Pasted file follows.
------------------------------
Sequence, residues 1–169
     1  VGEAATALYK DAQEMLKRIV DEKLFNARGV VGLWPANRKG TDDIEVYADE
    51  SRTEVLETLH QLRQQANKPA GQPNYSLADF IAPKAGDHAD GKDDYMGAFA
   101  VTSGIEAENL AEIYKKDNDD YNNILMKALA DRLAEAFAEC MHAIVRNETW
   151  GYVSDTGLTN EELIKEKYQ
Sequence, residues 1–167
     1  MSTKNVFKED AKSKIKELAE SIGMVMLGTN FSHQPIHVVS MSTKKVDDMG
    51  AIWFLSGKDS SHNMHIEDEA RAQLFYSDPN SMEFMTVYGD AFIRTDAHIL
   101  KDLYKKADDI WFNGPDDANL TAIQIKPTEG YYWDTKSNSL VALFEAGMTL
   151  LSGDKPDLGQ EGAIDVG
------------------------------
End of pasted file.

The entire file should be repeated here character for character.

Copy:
Sequence, residues 1–169
     1  VGEAATALYK DAQEMLKRIV DEKLFNARGV VGLWPANRKG TDDIEVYADE
    51  SRTEVLETLH QLRQQANKPA GQPNYSLADF IAPKAGDHAD GKDDYMGAFA
   101  VTSGIEAENL AEIYKKDNDD YNNILMKALA DRLAEAFAEC MHAIVRNETW
   151  GYVSDTGLTN EELIKEKYQ
Sequence, residues 1–167
     1  MSTKNVFKED AKSKIKELAE SIGMVMLGTN FSHQPIHVVS MSTKKVDDMG
    51  AIWFLSGKDS SHNMHIEDEA RAQLFYSDPN SMEFMTVYGD AFIRTDAHIL
   101  KDLYKKADDI WFNGPDDANL TAIQIKPTEG YYWDTKSNSL VALFEAGMTL
   151  LSGDKPDLGQ EGAIDVG